|Born||Maxime Allen Faget
August 26, 1921
Stann Creek Town, British Honduras
(now Dangriga, Belize)
|Died||October 10, 2004
|Other names||Max Faget|
|Alma mater||City College of San Francisco
Louisiana State University
|Known for||designer of the Mercury capsule|
|Awards||ASME Medal (1975)|
Maxime Allen Faget (pronounced fa-JERT) (August 26, 1921 – October 10, 2004), better known as Max Faget, was a Belizean-born American mechanical engineer. Faget was the designer of the Mercury capsule, and contributed to the later Gemini and Apollo spacecraft as well as the Space Shuttle.
Faget was the son of Guy Henry Faget, and great-grandson of Jean Charles Faget. Born in Stann Creek Town, Belize (then known as British Honduras), Faget attended City College of San Francisco in San Francisco, California, and he received a Bachelor of Science degree in Mechanical Engineering from Louisiana State University in 1943. After three years as a submariner in the U.S. Navy, he joined the Langley Research Center in Hampton, Virginia as a research scientist.
In 1958, Faget became one of the 35 engineers who formed the Space Task Group, creating the Mercury spacecraft. Faget based his designs on the aerodynamic work of Harvey Allen from the mid-1950s, and was instrumental in selecting the blunt-body shape that won the Mercury competition over numerous contenders. Faget also led the development of the escape tower system used on Mercury, which was used in various forms on almost all following manned spacecraft. Faget also worked on the Gemini and Apollo vehicles, which shared many design points with the Mercury.
Faget filed a patent for a space shuttle vehicle design in 1972. His design, which he named "DC-3" in homage to the famed Douglas DC-3 airliner, was a small two-stage fully reusable shuttle with a payload capacity around 15,000 pounds (6,800 kg). DC-3 was officially studied by North American Aviation and shown in the press as a baseline contender for the Space Transportation System (STS). North American also studied a version of the same basic system with a much larger 50,000 pounds (23,000 kg) payload. However, the DC-3's nose-high re-entry profile was controversial, and eventually doomed it when the US Air Force joined the Shuttle program and demanded cross-range performance that the DC-3 simply couldn't meet. In the end, its most lasting contribution was to clearly identify the trade-offs inherent in any reusable design.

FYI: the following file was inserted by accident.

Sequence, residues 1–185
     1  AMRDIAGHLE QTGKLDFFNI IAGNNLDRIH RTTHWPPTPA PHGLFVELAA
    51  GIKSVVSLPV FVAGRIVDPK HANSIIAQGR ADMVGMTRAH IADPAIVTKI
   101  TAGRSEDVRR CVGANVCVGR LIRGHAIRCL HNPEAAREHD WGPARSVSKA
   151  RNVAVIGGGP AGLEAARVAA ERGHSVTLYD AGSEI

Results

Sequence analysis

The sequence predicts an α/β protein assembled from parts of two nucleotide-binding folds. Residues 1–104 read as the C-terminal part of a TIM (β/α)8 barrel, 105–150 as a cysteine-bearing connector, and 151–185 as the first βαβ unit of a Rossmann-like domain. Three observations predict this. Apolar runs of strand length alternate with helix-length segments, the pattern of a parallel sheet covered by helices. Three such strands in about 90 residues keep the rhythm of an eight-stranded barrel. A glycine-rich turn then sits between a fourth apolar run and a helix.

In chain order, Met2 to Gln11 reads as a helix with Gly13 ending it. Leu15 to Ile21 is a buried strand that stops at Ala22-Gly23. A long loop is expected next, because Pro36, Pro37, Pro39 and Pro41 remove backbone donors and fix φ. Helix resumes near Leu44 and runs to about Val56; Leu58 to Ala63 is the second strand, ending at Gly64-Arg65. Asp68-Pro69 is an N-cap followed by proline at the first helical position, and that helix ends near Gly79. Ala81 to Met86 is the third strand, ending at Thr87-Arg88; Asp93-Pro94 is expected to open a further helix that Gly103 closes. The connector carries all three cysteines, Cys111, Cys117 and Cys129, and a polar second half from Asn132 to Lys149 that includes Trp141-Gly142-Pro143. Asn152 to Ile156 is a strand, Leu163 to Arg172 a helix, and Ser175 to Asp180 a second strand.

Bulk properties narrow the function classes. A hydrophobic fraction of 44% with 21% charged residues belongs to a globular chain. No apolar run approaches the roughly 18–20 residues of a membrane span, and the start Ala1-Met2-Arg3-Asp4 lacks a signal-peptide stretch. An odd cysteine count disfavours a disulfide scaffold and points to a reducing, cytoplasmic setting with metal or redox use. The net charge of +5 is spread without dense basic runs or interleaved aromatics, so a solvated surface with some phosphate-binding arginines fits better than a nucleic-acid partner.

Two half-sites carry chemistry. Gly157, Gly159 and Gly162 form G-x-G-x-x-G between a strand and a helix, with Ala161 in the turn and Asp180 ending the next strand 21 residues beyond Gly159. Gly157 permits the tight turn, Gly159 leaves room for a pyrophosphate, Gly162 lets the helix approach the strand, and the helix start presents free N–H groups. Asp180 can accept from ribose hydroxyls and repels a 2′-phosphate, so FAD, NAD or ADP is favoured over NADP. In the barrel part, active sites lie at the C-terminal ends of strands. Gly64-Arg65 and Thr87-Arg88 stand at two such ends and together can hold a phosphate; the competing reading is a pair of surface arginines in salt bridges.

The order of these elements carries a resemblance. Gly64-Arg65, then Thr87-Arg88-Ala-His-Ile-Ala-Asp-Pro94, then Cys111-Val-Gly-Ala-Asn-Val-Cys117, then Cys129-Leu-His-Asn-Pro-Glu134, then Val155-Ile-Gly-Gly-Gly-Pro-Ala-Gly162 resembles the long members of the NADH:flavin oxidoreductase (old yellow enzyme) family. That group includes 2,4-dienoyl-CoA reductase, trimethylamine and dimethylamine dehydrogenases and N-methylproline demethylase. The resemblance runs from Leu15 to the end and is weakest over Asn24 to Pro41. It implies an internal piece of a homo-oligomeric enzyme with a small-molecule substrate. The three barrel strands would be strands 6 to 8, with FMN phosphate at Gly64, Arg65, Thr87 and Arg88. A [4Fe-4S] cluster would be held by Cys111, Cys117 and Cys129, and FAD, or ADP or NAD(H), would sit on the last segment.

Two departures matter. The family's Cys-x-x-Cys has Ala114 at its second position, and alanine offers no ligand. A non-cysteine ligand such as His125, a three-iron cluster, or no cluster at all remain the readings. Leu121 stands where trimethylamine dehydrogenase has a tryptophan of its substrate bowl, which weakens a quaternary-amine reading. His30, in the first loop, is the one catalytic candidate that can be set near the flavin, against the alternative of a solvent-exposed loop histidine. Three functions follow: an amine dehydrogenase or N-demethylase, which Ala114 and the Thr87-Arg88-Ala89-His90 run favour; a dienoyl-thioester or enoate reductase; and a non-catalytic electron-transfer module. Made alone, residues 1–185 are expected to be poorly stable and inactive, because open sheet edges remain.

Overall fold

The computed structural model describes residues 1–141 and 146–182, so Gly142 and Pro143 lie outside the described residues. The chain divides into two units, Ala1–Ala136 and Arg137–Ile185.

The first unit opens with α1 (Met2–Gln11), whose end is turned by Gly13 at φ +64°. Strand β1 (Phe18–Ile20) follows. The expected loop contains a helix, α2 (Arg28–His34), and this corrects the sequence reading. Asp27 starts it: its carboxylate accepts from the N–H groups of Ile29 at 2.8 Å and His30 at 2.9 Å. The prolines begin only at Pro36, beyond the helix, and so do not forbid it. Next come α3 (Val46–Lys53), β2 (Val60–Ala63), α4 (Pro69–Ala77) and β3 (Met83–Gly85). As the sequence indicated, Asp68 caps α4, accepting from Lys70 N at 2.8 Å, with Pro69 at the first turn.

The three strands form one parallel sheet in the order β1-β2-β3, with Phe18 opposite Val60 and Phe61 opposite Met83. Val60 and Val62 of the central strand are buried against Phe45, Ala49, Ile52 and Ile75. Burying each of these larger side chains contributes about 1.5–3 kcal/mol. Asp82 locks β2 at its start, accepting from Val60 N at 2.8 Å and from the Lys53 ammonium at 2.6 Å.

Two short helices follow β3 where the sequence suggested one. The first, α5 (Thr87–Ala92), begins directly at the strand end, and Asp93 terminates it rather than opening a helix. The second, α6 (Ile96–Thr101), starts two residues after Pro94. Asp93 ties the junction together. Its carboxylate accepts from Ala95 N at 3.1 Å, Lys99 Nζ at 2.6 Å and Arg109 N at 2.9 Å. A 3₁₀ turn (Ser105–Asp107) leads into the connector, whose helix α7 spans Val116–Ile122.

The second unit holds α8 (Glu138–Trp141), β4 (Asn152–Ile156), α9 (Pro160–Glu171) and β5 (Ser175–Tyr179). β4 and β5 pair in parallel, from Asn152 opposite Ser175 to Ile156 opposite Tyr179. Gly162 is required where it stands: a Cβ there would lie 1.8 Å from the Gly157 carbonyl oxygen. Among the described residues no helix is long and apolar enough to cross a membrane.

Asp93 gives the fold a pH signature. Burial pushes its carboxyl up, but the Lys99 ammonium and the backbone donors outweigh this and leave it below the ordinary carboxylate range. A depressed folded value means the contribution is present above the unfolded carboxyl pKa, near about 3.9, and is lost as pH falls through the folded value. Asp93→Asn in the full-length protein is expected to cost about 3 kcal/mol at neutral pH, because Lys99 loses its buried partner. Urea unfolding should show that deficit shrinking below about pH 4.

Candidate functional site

In 1962 he became the Director of Engineering and Development at the Manned Spacecraft Center and continued to work for NASA until his retirement in 1981, shortly after the second Space Shuttle flight (STS-2). After his retirement, Faget was among the founders of Space Industries Inc., established in 1982. One of the projects of the company was the Wake Shield Facility, a device to create near-perfect vacuum in space. The WSF flew three times with a Space Shuttle in 1994–96 (STS-60, STS-69, STS-80).
Dr. Faget died of bladder cancer on October 10, 2004, aged 83.
Max Faget was a co-inventor on five United States patents issued to Space Industries, Inc. between 1988 and 1992. The patents, which are listed below, can be found at the USPTO's public web site. PAT. NO. Title
- 5,104,070 Structural latch for vehicle coupling mechanisms
- 4,903,919 Apparatus and method for docking spacecraft
- 4,834,325 Modular spacecraft system
- 4,747,567 Spacecraft with articulated solar array
- 4,728,061 Spacecraft operable in two alternative flight modes
- Maxime Faget, inventor profile, National Inventors Hall of Fame, 2002
- Oberg, James. "Max Faget: Master Builder". Retrieved 2007-01-12.
- Marcus Lindroos, MSC/North American Concept-A "DC-3"
- Garber, Steve. "Biographical Data Dr. Maxime A. Faget". History.NASA.gov. Updated October 15, 2004 by Steve Garber, NASA History Web Curator. Retrieved 3 April 2015.